Case description: A 30 year old British-Asian woman had a diagnosis of with lupus/Sjogren’s syndrome overlap and non-progressive interstitial lung disease. Her autoantibody profile included positivity for anti-Ro and anti-La antibodies and for rheumatoid factor. Complement C3 and C4 levels and quantitative double stranded DNA remained in physiological range and she had persistent low level haematuria and proteinuria with preserved renal function. She was maintained on 200 mg of hydroxychloroquine and up to 20 mg of prednisolone daily, having failed a trial of methotrexate. Other disease modifying anti-rheumatic drugs such as azathioprine were considered but this choice was complicated by low thiopurine methyltransferase level, and the patient declined. She had one episode of post-anti-streptolysin O positive arthralgia and renal impairment which settled with an increased steroid course. Three years after initial diagnosis she was able to conceive naturally. In early pregnancy, her condition was reported as stable, and she was referred to a combined rheumatology/obstetrics clinic. In the nineteenth week of pregnancy, she presented to the emergency department with multi organ involvement including acute confusion, multiple epileptic seizures, acute renal and cardiac insufficiency, and absence of foetal heartbeat. Haematology investigations showed thrombocytopaenia, reduced haptoglobins, and the presence of schistocytes on blood film in keeping with a microangiopathic haemolytic anaemia (MAHA). There was nephrotic range proteinuria (2300 mg/mmol) and creatinine had doubled from previous baseline to 109 micromol/L. Her condition became critical and she was transferred with life threatening thrombotic microangiopathy to the local tertiary centre for access to plasma exchange. She required intensive care admission with invasive ventilator support and a tracheostomy. Magnetic Resonance Imaging of her brain was consistent with posterior reversible encephalopathy syndrome (PRES). An echocardiogram showed moderate left ventricular systolic dysfunction with regional wall motion abnormalities. At nineteen gestational weeks, the presence of MAHA, thrombocytopaenia and acute renal injury was compatible with several possible overlapping diagnoses. This included sepsis with disseminated intravascular coagulation (DIC), anti-phospholipid syndrome, pre-eclampsia/HELLP and thrombotic microangiopathies including thrombotic thrombocytopaenic purpura (TTP), and haemolytic uraemic syndrome (HUS). She had normal prothrombin and activated partial prothrombin times thus making DIC less likely. There was no evidence for antiphospholipid syndrome. She did not fulfil the criteria for HELLP with normal liver function tests. TTP was considered less likely with normal value for ADAMTS13 (a disintegrin and metalloproteinase with a thrombospondin type 1 motif, member 13) although it is known that TTP in lupus may be associated with normal ADAMTS13 activity. A diagnosis of aHUS was proposed. This is controversial in the presence of lupus with some definitions treating lupus itself as an exclusion criterion in aHUS. In 50% of aHUS cases, genetic testing shows abnormalities within the complement cascade including mutations in complement factors I and H, and complement regulatory genes but these results are rarely available when therapeutic decisions are being made. An aHUS gene panel was requested but was later reported as negative. Despite these considerations, a diagnosis of sporadic atypical HUS was consistent with the presenting features and this diagnosis was supported by renal biopsy carried out during the recovery phase which showed features consistent with eclampsia and aHUS. Our patient was initially managed with a therapeutic evacuation of the uterus. She was commenced on a regime of plasma exchange and 3 pulses of 500 mg of methylprednisolone with no clinical improvement. Due to the grave outlook, an application for compassionate use of Eculizumab, a c5 inhibiting monoclonal antibody was made to the National aHUS Service in Newcastle. She received 2 infusions of Eculizumab and best supportive care and made a full cardiac, haematologic and neurologic recovery. In cases of chronic aHUS with a confirmed genetic cause, lifelong treatment with Eculizumab can be considered. Given the full recovery made by this patient and the absence of a demonstrable mutation, there was no rationale for continuing Eculizumab. Following recovery, the patient’s condition has been further complicated by a recurrence of PRES one year after these events. Further brain imaging showed white matter lesions of uncertain age and she now remains on anti-epileptic medications, low dose prednisolone and azathioprine. The patient has now discontinued Azathioprine and wants to try and get pregnant again.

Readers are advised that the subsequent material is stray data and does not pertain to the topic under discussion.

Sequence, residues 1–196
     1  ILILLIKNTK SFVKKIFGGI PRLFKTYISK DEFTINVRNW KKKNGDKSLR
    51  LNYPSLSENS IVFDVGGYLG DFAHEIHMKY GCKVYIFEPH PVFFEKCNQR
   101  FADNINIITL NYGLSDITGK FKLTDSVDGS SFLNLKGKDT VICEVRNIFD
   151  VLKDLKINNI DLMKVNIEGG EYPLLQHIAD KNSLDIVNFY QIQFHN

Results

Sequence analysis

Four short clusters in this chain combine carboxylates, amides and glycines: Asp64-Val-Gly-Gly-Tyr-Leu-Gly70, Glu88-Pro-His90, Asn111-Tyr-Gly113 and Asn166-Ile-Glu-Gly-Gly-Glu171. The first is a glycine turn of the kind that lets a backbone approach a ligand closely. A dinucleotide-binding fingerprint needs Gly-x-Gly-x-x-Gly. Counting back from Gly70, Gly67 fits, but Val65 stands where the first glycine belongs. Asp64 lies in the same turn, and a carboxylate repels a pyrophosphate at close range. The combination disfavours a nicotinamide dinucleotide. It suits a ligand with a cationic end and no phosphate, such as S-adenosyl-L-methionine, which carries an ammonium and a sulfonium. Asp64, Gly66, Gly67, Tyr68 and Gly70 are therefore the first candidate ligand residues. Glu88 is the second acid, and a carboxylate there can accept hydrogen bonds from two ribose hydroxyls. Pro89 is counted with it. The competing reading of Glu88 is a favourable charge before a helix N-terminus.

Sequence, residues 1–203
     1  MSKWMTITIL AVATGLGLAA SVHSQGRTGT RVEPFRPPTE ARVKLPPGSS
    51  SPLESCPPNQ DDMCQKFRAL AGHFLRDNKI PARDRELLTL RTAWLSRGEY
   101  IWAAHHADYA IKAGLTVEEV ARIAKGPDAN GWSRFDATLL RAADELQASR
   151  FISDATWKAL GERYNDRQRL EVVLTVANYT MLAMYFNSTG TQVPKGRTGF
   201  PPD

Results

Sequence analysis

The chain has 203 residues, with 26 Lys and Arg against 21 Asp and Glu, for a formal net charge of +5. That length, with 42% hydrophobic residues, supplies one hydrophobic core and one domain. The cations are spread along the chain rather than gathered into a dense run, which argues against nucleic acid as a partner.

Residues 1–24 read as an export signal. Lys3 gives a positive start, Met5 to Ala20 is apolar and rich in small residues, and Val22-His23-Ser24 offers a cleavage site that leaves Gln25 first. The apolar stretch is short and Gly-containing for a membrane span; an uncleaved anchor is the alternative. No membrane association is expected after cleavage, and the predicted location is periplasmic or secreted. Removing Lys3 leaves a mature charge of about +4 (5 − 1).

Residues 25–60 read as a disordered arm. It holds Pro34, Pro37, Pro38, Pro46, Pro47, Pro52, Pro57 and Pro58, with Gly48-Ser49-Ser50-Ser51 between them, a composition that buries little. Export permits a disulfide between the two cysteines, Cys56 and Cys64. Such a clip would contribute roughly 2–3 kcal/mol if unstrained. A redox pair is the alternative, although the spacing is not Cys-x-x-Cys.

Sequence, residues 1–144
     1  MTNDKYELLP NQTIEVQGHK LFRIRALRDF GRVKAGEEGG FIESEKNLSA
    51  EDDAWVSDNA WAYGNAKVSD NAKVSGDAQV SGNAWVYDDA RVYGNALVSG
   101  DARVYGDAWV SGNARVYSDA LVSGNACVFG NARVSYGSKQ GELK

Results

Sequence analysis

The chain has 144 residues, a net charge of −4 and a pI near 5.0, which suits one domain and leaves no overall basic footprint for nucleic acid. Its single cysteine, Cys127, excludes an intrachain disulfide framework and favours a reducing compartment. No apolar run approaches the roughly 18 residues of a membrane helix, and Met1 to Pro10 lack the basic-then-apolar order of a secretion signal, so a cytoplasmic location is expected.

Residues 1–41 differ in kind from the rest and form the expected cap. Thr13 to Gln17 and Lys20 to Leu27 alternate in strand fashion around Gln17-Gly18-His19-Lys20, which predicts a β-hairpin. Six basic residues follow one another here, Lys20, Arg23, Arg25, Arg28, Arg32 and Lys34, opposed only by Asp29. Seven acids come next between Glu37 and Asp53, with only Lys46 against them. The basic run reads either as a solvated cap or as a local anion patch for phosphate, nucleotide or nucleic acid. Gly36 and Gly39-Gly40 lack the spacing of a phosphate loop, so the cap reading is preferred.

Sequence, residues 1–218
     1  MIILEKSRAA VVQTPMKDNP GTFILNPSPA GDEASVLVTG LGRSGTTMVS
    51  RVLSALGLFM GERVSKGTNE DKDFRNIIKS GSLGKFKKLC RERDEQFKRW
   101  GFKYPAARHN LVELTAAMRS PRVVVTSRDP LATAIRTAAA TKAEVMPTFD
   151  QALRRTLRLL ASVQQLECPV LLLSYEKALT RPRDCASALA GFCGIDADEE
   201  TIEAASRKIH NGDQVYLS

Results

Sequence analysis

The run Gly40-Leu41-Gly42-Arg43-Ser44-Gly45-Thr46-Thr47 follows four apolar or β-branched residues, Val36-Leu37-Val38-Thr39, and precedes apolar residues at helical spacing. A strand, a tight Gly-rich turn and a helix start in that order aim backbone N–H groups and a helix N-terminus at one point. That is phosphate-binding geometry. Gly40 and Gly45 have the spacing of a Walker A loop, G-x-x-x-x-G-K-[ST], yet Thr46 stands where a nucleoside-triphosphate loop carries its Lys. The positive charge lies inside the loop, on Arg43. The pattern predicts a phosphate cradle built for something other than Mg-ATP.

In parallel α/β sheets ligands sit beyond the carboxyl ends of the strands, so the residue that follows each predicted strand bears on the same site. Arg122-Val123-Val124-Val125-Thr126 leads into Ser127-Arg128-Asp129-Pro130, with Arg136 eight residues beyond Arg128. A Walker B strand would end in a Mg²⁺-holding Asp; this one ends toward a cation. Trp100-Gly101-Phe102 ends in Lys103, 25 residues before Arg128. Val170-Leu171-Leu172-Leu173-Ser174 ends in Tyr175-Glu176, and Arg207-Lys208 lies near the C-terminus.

Discussion: Mild complications are common in lupus pregnancies, and the risk of foetal loss is 2-3 times higher than in the normal population; maternal life-threatening complications are less common but can be devastating. Thrombotic microangiopathy (TMA) in pregnancy can be classified into several (overlapping) clinical variants. One of these is atypical HUS which represents 10-15% of the total incidence of TMA and is associated with significant mortality. In atypical HUS, there is continuous activation of the alternative pathway of the complement cascade culminating in the production of C5a. Atypical HUS can be triggered by infections (the most common being Streptococcus pneumoniae), systemic conditions (including lupus), pregnancy and drug therapies. In atypical HUS associated with pregnancy and the post-partum period, 50% of cases are associated with known mutations in complement regulation pathways. By inhibiting C5 conversion to C5a, and reducing activity of the alternative complement pathway, Eculizumab, the second most expensive drug currently available worldwide, has revolutionised care for patients with aHUS. The current indications for lifelong Eculizumab treatment include paroxysmal nocturnal haemaglobinuria and some cases of atypical HUS. It is rarely used in the absence of proven genetic causes or when there is a concurrent lupus diagnosis, which makes its use in this case noteworthy. Do you agree that this is a case of aHUS in a lupus pregnancy? Is further pregnancy absolutely contraindicated? Should Eculizumab have a role in the management of atypical HUS in the absence of known mutations of the complement pathway? What other immunosuppressive therapy might be considered in the ongoing management of this patient? Was the previous Streptococcal infection (with positive ASOT test) relevant for development of HUS in pregnancy? What is the relevance of recurrent PRES in this patient and is there a link between PRES and the TMA spectrum of disease?

Key learning points: Challenges of timely diagnosis and management of thrombotic microangiopathies in lupus pregnancy Use of Eculizumab in cases of atypical haemolytic uraemic syndrome

Details

Original languageEnglish
Article numberrkx005.009
Number of pages1
JournalRheumatology Advances in Practice
Volume1
Issue numbersupplement 1
Publication statusPublished - 14 Nov 2017